Exorcism: A tale as old as time
Most people may not know what it’s actually like to be an exorcist. Exorcism came to everyone’s attention with the release of the 1973 film The Exorcist, which was based on the book The Exorcist by William Peter Blatty. The author drew from the real-life exorcism of Roland Doe (more details to follow). But exorcism has been part of virtually every religion throughout recorded history. Ancient Babylonian priests performed exorcisms via a voodoo-like rite. Ancient Persians were saved from demonic possession via holy water, and the Bible recounts many times when Jesus Christ cast out demons from people believed to be possessed.
1778: The exorcism of George Lukins
In 1778, English tailor George Lukins was behaving oddly—speaking in strange voices, making inhuman noises, and singing hymns backward. In a ceremony held in Bristol’s Temple Church, seven priests commanded the demons who’d apparently taken over Lukins’ soul to leave, once and for all. When the ceremony was over, Lukins recited the Lord’s Prayer and thanked the priests. This was one of the few recorded exorcisms with a happy ending.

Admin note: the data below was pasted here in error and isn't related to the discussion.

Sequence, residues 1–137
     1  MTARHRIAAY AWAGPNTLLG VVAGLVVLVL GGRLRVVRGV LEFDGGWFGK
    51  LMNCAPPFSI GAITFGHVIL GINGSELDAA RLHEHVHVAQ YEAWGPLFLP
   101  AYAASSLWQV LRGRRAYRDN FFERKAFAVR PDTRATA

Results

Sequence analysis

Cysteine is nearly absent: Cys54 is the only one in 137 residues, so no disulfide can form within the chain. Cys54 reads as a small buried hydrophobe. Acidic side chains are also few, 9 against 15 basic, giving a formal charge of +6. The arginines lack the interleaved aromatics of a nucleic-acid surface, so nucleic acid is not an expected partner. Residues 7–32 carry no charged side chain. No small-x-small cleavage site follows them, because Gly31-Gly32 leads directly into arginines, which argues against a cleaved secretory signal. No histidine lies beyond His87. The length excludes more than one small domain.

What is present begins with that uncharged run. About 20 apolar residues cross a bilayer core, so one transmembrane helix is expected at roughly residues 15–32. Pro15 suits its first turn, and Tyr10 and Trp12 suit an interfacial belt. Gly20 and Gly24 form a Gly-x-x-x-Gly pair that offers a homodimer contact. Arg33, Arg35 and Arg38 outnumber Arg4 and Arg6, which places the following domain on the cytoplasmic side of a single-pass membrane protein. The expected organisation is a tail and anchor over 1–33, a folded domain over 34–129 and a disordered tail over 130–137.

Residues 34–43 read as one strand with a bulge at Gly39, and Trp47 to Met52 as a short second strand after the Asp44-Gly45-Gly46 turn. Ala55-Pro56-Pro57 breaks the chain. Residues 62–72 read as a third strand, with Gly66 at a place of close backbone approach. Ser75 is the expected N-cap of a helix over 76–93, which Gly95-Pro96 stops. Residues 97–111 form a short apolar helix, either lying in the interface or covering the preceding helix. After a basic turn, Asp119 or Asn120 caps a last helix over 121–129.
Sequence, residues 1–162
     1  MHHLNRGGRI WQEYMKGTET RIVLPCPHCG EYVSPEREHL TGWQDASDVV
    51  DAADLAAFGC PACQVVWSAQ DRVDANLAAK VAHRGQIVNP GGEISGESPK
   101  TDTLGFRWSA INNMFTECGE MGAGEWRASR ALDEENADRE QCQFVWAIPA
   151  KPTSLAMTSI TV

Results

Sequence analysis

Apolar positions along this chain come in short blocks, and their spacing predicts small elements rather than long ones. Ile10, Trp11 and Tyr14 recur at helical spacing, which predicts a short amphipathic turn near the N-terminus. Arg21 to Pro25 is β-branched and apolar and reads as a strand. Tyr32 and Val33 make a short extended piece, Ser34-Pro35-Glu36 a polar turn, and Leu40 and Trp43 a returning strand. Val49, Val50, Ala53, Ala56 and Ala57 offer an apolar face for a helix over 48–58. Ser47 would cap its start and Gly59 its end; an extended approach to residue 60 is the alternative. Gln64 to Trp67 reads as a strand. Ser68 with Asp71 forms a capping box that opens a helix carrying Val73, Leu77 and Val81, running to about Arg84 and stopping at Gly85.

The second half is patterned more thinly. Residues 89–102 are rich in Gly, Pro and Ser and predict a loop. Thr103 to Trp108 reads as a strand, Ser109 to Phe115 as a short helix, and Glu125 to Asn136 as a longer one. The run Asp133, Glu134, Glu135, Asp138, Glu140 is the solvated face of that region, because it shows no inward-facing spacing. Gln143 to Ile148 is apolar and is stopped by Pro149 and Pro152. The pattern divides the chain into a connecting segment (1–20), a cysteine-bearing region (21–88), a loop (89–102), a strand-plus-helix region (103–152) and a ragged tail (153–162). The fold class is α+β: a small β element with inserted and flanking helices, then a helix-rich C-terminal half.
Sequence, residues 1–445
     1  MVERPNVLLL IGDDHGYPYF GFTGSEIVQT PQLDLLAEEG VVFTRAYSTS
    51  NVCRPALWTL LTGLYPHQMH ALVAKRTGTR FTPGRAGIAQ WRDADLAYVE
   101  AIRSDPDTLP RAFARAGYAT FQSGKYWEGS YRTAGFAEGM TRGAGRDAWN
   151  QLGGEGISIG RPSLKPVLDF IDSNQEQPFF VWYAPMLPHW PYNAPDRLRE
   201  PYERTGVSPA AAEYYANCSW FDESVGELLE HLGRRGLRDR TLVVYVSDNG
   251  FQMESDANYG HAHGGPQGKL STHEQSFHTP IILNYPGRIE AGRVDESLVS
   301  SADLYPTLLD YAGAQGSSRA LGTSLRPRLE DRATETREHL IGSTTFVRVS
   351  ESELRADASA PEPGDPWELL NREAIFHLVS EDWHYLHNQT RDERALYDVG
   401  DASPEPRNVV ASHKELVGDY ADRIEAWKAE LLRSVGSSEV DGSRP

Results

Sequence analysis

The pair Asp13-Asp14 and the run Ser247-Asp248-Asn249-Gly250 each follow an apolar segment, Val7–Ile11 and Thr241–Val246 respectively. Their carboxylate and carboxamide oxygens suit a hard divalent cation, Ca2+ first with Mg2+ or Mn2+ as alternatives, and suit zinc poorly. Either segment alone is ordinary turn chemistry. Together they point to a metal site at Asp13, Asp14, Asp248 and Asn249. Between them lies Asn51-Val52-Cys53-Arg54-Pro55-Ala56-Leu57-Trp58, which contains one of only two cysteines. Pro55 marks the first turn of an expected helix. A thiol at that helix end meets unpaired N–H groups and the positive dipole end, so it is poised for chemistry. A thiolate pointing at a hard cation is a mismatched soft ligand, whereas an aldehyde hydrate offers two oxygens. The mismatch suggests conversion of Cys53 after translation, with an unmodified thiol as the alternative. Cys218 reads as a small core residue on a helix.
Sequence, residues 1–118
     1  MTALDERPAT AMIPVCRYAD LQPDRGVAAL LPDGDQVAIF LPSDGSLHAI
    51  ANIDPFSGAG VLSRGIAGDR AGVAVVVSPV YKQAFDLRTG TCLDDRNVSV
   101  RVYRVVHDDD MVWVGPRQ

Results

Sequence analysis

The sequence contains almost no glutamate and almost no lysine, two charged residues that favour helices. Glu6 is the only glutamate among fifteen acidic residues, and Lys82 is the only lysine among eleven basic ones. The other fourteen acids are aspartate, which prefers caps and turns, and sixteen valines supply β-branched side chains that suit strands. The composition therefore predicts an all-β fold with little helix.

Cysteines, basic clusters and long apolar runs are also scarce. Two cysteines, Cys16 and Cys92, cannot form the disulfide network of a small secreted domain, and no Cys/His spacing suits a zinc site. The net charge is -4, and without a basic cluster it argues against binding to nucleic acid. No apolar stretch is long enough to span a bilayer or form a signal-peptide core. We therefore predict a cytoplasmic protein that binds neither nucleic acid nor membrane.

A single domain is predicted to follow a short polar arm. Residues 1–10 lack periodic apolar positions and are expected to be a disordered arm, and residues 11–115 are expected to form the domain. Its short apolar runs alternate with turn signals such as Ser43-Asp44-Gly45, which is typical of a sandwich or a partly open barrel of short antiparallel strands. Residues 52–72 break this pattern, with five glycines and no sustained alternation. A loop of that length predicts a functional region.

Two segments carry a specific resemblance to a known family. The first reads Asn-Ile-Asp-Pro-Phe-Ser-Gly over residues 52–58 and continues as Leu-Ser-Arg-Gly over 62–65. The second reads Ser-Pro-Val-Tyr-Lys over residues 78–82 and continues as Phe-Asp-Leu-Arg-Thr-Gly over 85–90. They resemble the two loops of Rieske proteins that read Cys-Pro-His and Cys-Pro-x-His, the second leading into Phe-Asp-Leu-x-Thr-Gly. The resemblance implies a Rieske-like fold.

1842: Gottliebin Dittus
In 1842, German villagers noticed strange goings-on at the home of a 28-year-old woman named Gottleibin Dittus. Dittus claimed her house was haunted and soon began slipping in and out of what others described as “trance-like” states, but it was only when a religious pastor commenced an exorcism that things went truly nuts: Dittus became violent, requiring physical restraints. For two torturous years during which the pastor performed various exorcism rights, Dittus vomited glass, nails—and blood, of course. Finally, Dittus informed everyone the demons were gone and stated that “Jesus is victor.”